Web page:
Lehdistötiedote: Uusien digitaalisten oikeuksien aamunkoitto: Ilmainen verkkokurssi kansalaisten oppaaksi

- January 21, 2019 in Featured, My Data, New Digital Rights MOOC

Lehdistötiedote 15.1.2019 – Uusien digitaalisten oikeuksien aamunkoitto: Ilmainen verkkokurssi kansalaisten oppaaksi

  Digitaaliset kansalaisoikeudet on ilmainen verkkokurssi, joka auttaa kansalaisia ​​ymmärtämään ja toteuttamaan uusia oikeuksiaan jokapäiväisessä elämässä.   Internet Society (ISOC) ja Suomen ulkoministeriö ovat rahoittaneet Open Knowledge Finlandin luomaan ilmaisen opetuskurssin kansalaisille, jotta he voivat tutustua uusiin EU:n yleisen tietosuoja-asetuksen myötä tulleisiin digitaalisiin oikeuksiin (GDPR). Asetuksessa korostetaan kansalaisen kuluttajansuojaa ja tietosuojan läpinäkyvyyttä – esimerkiksi huolellisuutta tietojenkäsittelyssä, tietoa henkilötietoihin kohdistuvista mahdollisista vuodoista ja selkeämpää henkilötiedon käyttöön liittyvää suostumuksenhallintaa.   Kurssin julkaisutilaisuudessa 15.1.2019 Eurooppasalissa, Helsingissä ISOC:n Juhani Juselius piti puheenvuoron, jossa kerrottiin syitä miksi Internet Society lähti mukaan rahoittamaan kurssia: “GDPR on siitä jännä aihe, että kaikki keskustelu ja konsulttien myyntipuheet kursseineen ovat keskittyneet GDPR:ään yrityksen näkökulmasta – siihen miten toimitaan uuden asetuksen mukaisesti, ettei vahingossakaan mittavat sanktiot laukea. GDPR on kuitenkin ennen kaikkea tarkoitettu yksityishenkilöiden tietojen suojaksi. Missä on ollut koulutus meille kansalaisille, kuluttajille tietojemme käyttämisestä ja oikeuksistamme? Erityisen tärkeä tietosuojan merkitys haasteineen on internetin käyttäjille ja siksi Suomen Internet-yhdistys yhdessä Internet Societyn kanssa on nähnyt tärkeäksi tukea tätä projektia.”  

GDPR kansalaisten näkökulmasta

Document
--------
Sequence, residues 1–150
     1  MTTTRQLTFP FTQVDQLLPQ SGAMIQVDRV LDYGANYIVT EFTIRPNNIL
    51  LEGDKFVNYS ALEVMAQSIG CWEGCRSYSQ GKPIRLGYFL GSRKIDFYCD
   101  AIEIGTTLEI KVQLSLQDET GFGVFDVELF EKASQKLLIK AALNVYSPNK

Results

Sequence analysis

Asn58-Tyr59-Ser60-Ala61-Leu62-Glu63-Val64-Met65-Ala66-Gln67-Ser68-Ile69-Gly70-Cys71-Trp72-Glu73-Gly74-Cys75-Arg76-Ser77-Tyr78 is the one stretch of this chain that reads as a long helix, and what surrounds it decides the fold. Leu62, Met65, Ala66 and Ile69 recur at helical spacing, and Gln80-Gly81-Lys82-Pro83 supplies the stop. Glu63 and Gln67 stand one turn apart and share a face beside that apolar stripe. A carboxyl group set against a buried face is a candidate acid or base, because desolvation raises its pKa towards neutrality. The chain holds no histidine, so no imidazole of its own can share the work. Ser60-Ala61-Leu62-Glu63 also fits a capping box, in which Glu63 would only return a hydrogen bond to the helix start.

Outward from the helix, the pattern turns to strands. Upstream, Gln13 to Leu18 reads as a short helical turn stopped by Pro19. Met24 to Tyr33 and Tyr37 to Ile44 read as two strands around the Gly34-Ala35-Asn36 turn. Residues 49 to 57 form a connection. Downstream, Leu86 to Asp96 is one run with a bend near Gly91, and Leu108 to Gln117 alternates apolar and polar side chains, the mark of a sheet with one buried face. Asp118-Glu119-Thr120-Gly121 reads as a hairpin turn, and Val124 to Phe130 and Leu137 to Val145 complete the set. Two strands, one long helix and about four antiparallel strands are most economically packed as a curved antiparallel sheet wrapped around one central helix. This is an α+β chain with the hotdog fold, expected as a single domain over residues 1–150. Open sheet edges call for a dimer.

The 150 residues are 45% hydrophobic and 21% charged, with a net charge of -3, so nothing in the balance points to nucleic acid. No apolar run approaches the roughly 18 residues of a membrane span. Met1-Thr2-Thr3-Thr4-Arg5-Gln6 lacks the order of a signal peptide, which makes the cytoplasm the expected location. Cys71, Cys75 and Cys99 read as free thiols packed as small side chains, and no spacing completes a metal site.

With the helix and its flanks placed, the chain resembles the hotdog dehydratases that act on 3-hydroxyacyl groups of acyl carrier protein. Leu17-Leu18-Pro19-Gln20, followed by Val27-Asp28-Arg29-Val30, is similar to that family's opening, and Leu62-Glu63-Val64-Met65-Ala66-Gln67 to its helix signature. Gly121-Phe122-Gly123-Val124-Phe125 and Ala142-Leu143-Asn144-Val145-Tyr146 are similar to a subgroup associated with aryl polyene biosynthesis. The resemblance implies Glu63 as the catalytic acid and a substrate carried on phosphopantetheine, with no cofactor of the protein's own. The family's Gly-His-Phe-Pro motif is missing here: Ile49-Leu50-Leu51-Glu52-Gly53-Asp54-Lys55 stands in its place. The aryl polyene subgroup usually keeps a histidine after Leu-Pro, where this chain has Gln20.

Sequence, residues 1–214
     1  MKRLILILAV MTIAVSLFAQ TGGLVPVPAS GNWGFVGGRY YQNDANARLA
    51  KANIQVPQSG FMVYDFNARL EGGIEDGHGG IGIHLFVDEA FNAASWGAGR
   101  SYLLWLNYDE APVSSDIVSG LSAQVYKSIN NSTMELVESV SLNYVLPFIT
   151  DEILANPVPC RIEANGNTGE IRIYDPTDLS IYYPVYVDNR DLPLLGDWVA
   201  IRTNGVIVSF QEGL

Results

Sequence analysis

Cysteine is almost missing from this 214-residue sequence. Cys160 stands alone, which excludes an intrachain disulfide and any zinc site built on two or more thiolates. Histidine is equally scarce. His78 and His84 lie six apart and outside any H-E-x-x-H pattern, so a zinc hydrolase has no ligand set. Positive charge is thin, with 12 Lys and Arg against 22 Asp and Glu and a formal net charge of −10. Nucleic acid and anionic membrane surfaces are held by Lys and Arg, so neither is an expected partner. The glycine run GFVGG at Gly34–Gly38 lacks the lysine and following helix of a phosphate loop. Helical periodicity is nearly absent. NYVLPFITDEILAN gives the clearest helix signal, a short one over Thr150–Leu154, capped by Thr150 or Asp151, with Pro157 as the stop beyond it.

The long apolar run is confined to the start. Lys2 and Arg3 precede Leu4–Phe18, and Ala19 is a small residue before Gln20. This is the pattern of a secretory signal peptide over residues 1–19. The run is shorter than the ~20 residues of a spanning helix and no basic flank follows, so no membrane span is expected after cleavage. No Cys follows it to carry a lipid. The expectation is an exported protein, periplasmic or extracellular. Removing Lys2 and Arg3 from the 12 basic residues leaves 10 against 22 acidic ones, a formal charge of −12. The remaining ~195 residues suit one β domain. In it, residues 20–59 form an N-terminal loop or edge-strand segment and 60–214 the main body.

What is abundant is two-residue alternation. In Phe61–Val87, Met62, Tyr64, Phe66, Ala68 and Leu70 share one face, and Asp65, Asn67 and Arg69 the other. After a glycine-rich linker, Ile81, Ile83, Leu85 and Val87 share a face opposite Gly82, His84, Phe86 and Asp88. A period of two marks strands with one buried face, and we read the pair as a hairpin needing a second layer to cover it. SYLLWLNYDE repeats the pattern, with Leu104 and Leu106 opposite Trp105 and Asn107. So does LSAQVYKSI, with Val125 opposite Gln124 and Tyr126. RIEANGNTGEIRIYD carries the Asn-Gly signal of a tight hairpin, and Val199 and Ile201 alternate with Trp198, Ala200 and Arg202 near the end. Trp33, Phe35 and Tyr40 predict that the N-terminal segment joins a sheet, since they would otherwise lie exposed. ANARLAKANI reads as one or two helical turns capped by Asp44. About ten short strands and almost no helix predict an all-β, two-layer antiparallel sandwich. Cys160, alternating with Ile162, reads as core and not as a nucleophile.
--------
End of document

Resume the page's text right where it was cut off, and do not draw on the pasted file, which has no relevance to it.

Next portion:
“GDRP astui voimaan jo 25.5.2018, mutta aihepiiristä kuitenkin käydään vielä liian vähän kansalaiskeskustelua. Kansalaiset eivät ole kovin hyvin perillä siitä, miten heidän henkilötietojaan käytetään nykyään. Erityisesti viime vuodet ovat osoittaneet, että tietoturvaan ja tietojenkäsittelyyn liittyvät kysymykset ovat myös keskeisiä turvallisuuskysymyksiä sekä henkilökohtaisella että kansainvälisellä tasolla.” Toteaa Raoul Plommer, kurssin projektipäällikkö. Kurssin koulutusmateriaalia kehitetään lisäksi laajempaan käyttöön, osaksi erilaisia koulutusohjelmia, mm. lukioissa, ammattikorkeakouluissa, yliopistoissa ja vapaan sivistystyön oppilaitoksissa. Kaikkiaan koulutuksen tarkoituksena on tavoittaa Suomessa tuhansia kansalaista, kun tuotettu materiaali tulee ensimmäisen kurssin jälkeen hyödynnettäväksi kaikille. Käytännössä verkkokurssi sisältää harjoitteita, kuten olemassa olevien tietopyyntö-palveluiden käyttöä. Järjestelmät tukevat kansalaisia, jotka pyytävät joko julkista tietoa viranomaisilta tai henkilötietoa miltä tahansa organisaatiolta. Pyyntöjen pohjalta saatavaa tietoa voidaan myös käyttää hyödyksi tietosuojavaltuutetun työssä.   Kurssille voi ilmoittautua osoitteessa: Digioikeudet.info Twitter: twitter.com/Digirightsinfo Facebook: facebook.com/digirights.info     Open Knowledge Finland ry. on vuoden 2012 lopussa perustettu yhteisölähtöinen voittoa tavoittelematon organisaatio, joka toimii osana kansainvälistä Open Knowledge -verkostoa. Yhdistys edistää tiedon avoimuutta, avoimen tiedon hyödyntämistä, sekä avoimen yhteiskunnan kehittymistä. Yhdistyksen Open Science -työryhmä palkittiin opetus- ja kulttuuriministeriön avoimuuspalkinnolla avoimen tieteen ansiokkaasta edistämisestä vuonna 2017. Web: www.okf.fi   Internet Society tai ISOC on yleishyödyllinen, vuonna 1992 perustettu, organisaatio, jonka tarkoitus on säätää Internet-standardeja, -opetusta ja -käytäntöjä. Omien sanojensa mukaan organisaation tarkoitus on varmistaa Internetin hyöty joka puolelle maailmaa jokaiselle ihmiselle. Web: siy.fi/isoc-finland     Lisätietoa Raoul Plommer raoul.plommer@okf.fi +358 44 5810005 The post Lehdistötiedote: Uusien digitaalisten oikeuksien aamunkoitto: Ilmainen verkkokurssi kansalaisten oppaaksi appeared first on Open Knowledge Finland.